Sonia Friedman Productions, National Theatre Join Arts Institutions Seeking Government Relief from COVID-19 Impact
The National Theatre and Sonia Friedman Productions are joining a number of other UK arts organizations calling for government intervention to rescue the industry which Friedman describes as "on the brink of total collapse."
According to Friedman, the producer behind The Book of Mormon on the West End and Harry Potter and the Cursed Child, the performing arts faces "the real possibility of complete obliteration" without significant government intervention.
She writes, "Without an urgent government rescue package, 70% of our performing arts companies will be out of business before the end of this year," she wrote. "More than 1,000 theatres around the country will be insolvent and might shut down for good."
She classifies potential losses as "irrecoverable" and predicts that within a period of six months "our arts and cultural organisations will have to spend their reserves until there is nothing left" and warns that problems will not end with the lifting of lockdown measures as "theatre is incompatible with social distancing" both in practice and consumption.
In the past 10 weeks, Friedman's company has shut down and suspended more than 18 productions around the world. The producer estimates that the shutdown has cost the UK theatre industry an estimated £330m.
Friedman is just one of many UK arts organizations calling for aid. This week the London National Theatre also called for "urgent government support for the theatre sector including the NT to mitigate the loss of vital talent and infrastructure", as it faces a "substantial level of staff redundancy" which could result in a loss of up to 30% of its workforce.
NT joint chief executives Rufus Norris and Lisa Burger said in a statement, "Having undertaken extensive financial modelling, we have sadly reached the conclusion that there will need to be a substantial level of staff redundancy at The National Theatre. Over half our annual expenditure is on people, and while in the short term we have used our limited cash reserves and support from the UK government's job retention scheme, a significant financial gap remains."
The continue, "We are calling for additional urgent government support for the theatre sector including the NT to mitigate the loss of vital talent and infrastructure. However, we must also plan proactively ourselves to protect the future of The National Theatre as an organisation and a major creative employer. It's our duty to ensure The National Theatre remains a vital part of the UK's lifeblood for many years to come."
Earlier this week, it was reported that Shakespeare's Globe Theatre is facing closure due to the impact the coronavirus pandemic has had on its finances.
"Without emergency funding and the continuation of the Coronavirus Job Retention Scheme, we will spend down our reserves and become insolvent," Shakespeare's Globe said in evidence to the Digital, Culture, Media and Sport Committee.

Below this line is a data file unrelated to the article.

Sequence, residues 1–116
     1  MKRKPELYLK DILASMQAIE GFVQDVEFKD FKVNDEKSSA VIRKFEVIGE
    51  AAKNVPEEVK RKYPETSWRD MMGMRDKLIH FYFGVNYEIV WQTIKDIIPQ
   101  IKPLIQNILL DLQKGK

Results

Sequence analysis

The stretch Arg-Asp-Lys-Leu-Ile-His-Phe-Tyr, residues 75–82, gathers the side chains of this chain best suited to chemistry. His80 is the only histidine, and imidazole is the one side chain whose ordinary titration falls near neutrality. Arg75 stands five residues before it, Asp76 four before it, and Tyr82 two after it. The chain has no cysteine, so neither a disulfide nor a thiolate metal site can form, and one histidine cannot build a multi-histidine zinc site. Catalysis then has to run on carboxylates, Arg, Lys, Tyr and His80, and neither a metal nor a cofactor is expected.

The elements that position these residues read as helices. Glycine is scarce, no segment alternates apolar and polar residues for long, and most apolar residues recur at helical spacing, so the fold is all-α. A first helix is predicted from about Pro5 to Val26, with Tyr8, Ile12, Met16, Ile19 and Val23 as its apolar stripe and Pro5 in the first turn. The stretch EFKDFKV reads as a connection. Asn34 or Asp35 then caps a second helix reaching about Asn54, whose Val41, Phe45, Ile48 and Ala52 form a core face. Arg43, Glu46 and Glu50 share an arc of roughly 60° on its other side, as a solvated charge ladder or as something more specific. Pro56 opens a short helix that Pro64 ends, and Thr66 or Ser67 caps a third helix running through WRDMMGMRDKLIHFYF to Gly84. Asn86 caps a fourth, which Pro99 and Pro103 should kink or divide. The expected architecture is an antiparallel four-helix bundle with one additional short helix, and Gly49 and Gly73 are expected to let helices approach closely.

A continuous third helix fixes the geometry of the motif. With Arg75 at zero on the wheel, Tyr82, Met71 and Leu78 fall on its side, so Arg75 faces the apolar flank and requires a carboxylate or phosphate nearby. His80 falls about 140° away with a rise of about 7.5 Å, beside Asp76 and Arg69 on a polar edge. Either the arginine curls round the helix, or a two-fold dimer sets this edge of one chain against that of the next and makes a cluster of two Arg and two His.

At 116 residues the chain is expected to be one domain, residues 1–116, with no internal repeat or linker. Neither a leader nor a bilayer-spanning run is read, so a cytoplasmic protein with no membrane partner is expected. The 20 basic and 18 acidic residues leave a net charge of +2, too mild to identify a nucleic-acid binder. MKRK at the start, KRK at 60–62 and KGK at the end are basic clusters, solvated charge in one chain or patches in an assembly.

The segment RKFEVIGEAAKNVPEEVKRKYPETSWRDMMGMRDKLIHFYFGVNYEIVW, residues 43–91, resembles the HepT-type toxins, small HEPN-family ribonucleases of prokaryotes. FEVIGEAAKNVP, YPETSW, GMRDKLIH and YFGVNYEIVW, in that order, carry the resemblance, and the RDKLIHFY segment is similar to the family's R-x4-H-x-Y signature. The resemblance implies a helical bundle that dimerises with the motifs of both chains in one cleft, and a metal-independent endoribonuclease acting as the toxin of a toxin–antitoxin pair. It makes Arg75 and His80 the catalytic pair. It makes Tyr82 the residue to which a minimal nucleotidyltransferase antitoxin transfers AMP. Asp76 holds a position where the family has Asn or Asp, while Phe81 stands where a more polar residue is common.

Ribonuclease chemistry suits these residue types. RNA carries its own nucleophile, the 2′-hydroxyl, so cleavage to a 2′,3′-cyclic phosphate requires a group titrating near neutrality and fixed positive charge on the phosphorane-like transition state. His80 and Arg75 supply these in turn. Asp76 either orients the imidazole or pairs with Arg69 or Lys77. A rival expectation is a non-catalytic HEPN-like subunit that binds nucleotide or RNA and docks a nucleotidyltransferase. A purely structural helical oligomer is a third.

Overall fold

Now the committee is calling on Culture Secretary Oliver Dowden to provide relief to UK arts institutions, stating, "The Government needs to step up for cultural institutions. Additional financial support needs to be provided to individuals and institutions in the creative industries that are unsuccessful or ineligible for Arts Council England (ACE) funding."
Donmar echoed similar sentiments to The Globe, staring, "Unless we now cancel a forthcoming and essential capital project, we will have no funds to transition our model to a more sustainable one, create artistically adventurous work with inherent risk, cashflow the business or cushion the effects of any further crisis or downturn."
They continue, "The cancellation/delay of the project means there is a high likelihood of equipment failure in the near future and will put the business continuity of the theatre at risk, even if we survive the COVID-19 emergency."
In addition to public donations, Donmar asks that the government extend its job retention program for the arts and entertainment sector until venues can legally resume and play to 100% of their normal capacity.
The Globe, which notably offers affordable pricing and free tickets to students, has proposed that "the government purchases in advance up to 20 per cent of Globe tickets for the next five years for disbursement to groups experiencing barriers to engagement would improve cash-flow." The venue says that a new survival-based business model would compromise its ability to continue to offer the affordable seating.
The Really Useful Group is also posting alarming losses of "£6.15 million lost in box office sales each week... and a £240,000 loss in average weekly earnings for RUG."
RUG's prediction for the future is a bleak one should the government not intervene, stating that the fallout from the pandemic "may result in the theatres themselves (both West End and regional theatres) having to endure increased dark periods without any programming...and in some cases the possibility of theatres closing permanently or being sold for alternative uses."
DCMS agrees, adding, "The Theatres Trust anticipates the closure of a significant proportion of theatres and a lasting impact on the UK's position as a world leader in the sector."
Really Useful Group recommends protocols being used in other markets to jump start the arts sector safely including front of house training on temperature scanning technology, making masks mandatory within the venues, and backing testing and tracking efforts.
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